The Center for Local Innovation
Convention Centers, Stadiums, Water Parks, and Restaurants


Cities and counties should not use taxpayer funds to build convention centers, civic centers, sports stadiums, water parks, restaurants, and performing arts venues. Those are all inherently private-sector responsibilities.


Recently many cities and counties in North Carolina have ignored the distinction between the public and private sectors by funding outright or subsidizing functions that belong to the private sector. In some cities, officials have poured money into nonessential activities while neglecting essential services such as police, fire, and roads.

These activities are often tied to the quest for "economic development" and justified by highly paid consultants who produce distorted and incomplete reports that always conclude that a proposed new, subsidized facility will be an economic boon.

Those studies always omit information regarding other cities' experiences with construction cost overruns, budget subsidies, fewer visitors than projected, and more importantly, what growth would have resulted from leaving the money in the hands of taxpayers.

Convention centers

For example, convention centers, especially those intended for national conferences, have been struggling for business. Before September 11, 2001, only two cities in the United States -- Las Vegas and Orlando -- had public convention centers that at least broke even. The rest were losing money annually for their communities. And since 2001, national attendance at Tradeshow Week 200 events has fallen to early 1990s levels. Nevertheless, consultants still return rosy predictions that generate unwarranted confidence in a proposed center's potential for economic impact, and if heeded, would result in an immense burden on taxpayers when the structure remains empty.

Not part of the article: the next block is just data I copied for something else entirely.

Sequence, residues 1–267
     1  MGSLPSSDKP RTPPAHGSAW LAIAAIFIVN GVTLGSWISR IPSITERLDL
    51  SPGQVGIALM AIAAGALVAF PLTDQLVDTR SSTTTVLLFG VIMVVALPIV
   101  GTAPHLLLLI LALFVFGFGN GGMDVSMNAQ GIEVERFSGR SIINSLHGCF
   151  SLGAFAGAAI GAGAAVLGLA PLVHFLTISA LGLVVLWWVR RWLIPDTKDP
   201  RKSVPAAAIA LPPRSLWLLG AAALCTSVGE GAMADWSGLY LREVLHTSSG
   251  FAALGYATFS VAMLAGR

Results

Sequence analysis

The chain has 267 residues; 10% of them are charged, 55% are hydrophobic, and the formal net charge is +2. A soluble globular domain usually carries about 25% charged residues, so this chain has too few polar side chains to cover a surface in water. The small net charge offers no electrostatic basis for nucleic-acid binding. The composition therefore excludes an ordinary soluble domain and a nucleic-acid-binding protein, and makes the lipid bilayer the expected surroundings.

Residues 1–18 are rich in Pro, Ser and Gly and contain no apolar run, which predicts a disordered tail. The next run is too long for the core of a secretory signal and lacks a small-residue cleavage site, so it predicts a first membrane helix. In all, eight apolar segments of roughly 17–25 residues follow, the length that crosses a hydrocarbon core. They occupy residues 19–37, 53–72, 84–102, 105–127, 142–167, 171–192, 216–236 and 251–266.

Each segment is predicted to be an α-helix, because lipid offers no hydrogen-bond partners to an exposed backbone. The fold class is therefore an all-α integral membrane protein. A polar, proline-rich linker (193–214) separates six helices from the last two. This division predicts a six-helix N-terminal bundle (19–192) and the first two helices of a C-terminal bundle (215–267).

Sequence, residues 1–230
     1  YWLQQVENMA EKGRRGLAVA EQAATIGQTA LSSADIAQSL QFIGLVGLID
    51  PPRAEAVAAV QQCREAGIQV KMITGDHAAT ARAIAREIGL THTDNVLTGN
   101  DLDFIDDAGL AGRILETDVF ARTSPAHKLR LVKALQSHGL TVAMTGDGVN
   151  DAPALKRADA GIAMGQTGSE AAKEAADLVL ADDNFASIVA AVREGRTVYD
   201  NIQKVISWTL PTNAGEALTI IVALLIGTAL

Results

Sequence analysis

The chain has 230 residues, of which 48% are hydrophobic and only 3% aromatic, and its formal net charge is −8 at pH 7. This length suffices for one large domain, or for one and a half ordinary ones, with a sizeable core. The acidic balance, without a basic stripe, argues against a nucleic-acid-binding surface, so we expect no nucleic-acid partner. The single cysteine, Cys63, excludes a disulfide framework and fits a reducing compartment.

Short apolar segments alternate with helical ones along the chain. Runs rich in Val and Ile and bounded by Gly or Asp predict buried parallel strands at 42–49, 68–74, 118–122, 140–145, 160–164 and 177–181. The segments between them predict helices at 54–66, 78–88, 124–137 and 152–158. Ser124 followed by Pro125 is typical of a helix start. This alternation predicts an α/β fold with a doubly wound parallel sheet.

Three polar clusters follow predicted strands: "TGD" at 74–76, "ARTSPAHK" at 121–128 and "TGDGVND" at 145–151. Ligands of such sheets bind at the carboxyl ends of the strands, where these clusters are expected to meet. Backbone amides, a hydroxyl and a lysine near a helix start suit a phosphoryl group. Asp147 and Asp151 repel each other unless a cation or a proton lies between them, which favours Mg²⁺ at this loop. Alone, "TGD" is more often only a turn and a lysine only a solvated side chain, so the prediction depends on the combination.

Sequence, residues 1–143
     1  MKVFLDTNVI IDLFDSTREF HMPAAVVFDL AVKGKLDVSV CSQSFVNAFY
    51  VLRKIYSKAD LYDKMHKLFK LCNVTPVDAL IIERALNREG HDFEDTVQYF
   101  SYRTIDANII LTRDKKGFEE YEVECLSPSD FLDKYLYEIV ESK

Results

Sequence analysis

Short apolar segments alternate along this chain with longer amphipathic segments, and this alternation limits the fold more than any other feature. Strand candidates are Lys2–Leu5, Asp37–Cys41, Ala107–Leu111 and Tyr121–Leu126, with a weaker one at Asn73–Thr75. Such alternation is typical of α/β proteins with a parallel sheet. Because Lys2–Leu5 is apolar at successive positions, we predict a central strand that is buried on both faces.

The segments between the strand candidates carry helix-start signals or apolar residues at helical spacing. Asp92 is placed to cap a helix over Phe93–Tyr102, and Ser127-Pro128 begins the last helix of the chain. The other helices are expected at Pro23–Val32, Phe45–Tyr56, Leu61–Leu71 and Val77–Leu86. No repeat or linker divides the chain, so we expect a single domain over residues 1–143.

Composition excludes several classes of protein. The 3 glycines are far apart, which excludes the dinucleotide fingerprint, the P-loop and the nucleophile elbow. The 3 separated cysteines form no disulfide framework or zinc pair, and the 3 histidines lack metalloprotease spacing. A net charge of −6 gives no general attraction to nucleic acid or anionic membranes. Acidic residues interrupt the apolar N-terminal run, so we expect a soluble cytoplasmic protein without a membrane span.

Charlotte and Asheville have made disastrous convention center decisions. Asheville's civic center had a predicted debt of $400,000 in 2006; in past years (2000, 2002, 2004), its debt passed $1 million. It lost sports teams in 2006, but the City Council continued to funnel it money. In 2007, the Council approved a six-year, $3.6 million capital improvement plan.

Charlotte's $148 million facility should have had 751,000 attendees annually. Instead, it has had yearly deficits because it can attract big conventions only by using deep discounts and large subsidies. Its best booking in 2007 was the Shriners convention (25,000 visitors) -- but the Shriners were given a discount and a $50,000 subsidy from the Charlotte Regional Visitors Authority, which markets the center, to underwrite costs. Nevertheless, the center was due for $2 million improvements in fiscal year 2008.

Since visitor spending is convention centers' only economic benefit, cities enact "visitor taxes" on rental cars, prepared food, and hotels. But those taxes hurt residents and local businesses who also pay them (e.g., eating out or renting a car), and it also hurts local businesses since taxes decrease tourism.

The private sector could fulfill any convention center task -- without taxpayer money. The Koury Center in Greensboro is one example. It successfully competes with subsidized city convention centers while making a profit and paying taxes that, among other things, are used to support its competition.